Teen Driving : Are you a Bad Influence?

Have you ever questioned why your auto insurance bill increased considerably after adding your teen driver to your policy? Well, the response is pretty simple, teens tend to drive in a more aggressive or irresponsible than the typical driver. But, before you start lecturing your teen for texting or calling while they’re driving, keep in mind your own driving behaviors.
An significant characteristic of teen driving that’s often ignored is parental driving practices and how significant parents’ behaviors are on teen driving. Young drivers are inexperienced and therefore frequently copycat the driving habits of those who surround them. By crafting a safe driving atmosphere and performing safer driving habits, you can reduce your teen’s exposure to risky behavior.
It’s hard to change a teenager’s driving habits if you don’t follow the advice you give them. As cliché as it sounds, you have to practice what you preach. It’s something that sounds so easy, yet it’s surprising how many parents do not follow their own rules. According to a study done by Liberty Mutual and Students Against Destructive Decisions (SADD) in 2012, 91% of parents were witnessed by their teenagers talking on their phone while driving.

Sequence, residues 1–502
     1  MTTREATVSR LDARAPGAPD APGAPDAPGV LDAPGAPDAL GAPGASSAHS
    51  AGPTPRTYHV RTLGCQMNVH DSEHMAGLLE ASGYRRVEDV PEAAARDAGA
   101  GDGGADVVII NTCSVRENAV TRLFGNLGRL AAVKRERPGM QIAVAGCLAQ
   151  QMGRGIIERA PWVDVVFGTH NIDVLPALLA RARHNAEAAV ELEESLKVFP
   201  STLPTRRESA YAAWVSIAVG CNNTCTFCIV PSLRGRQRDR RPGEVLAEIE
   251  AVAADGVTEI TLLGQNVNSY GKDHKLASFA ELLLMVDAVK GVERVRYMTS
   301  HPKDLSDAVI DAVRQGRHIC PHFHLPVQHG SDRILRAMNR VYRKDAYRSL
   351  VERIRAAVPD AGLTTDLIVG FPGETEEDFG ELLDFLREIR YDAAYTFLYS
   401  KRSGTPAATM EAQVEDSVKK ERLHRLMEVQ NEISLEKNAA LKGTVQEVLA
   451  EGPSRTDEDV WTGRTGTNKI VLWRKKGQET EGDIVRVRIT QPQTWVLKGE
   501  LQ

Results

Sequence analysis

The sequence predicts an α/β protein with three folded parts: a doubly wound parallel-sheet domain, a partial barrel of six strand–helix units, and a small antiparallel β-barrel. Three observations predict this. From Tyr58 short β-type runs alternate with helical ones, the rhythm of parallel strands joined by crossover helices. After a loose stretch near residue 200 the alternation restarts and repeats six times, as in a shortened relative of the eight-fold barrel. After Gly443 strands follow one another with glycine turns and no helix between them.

Even though teens are accountable for the actions they take, parents also play a big role in their child’s decisions. In addition, you can see that not only were parents observed talking on the phone by their teens; they were also witnessed texting, speeding, and driving under the influence. These statistics were almost identical to the self-reported teen statistics, representing a very strong parental influence in teen driving behaviors.
The next time you’re in the car with you teen, ask yourself, am I driving the way I want them to drive? If not, correct your conduct and you may see a huge difference not only in your teenager’s driving habits – but also your own driving habits.
Here are a few tips for parents with teenage drivers:
• Be positive rather than telling them what not to do
• Reassure safe practices without upsetting or distressing them
• Rejoice their positive instincts rather than dwelling on their mistakes
• Notify them about the penalties and hazards of reckless driving habits

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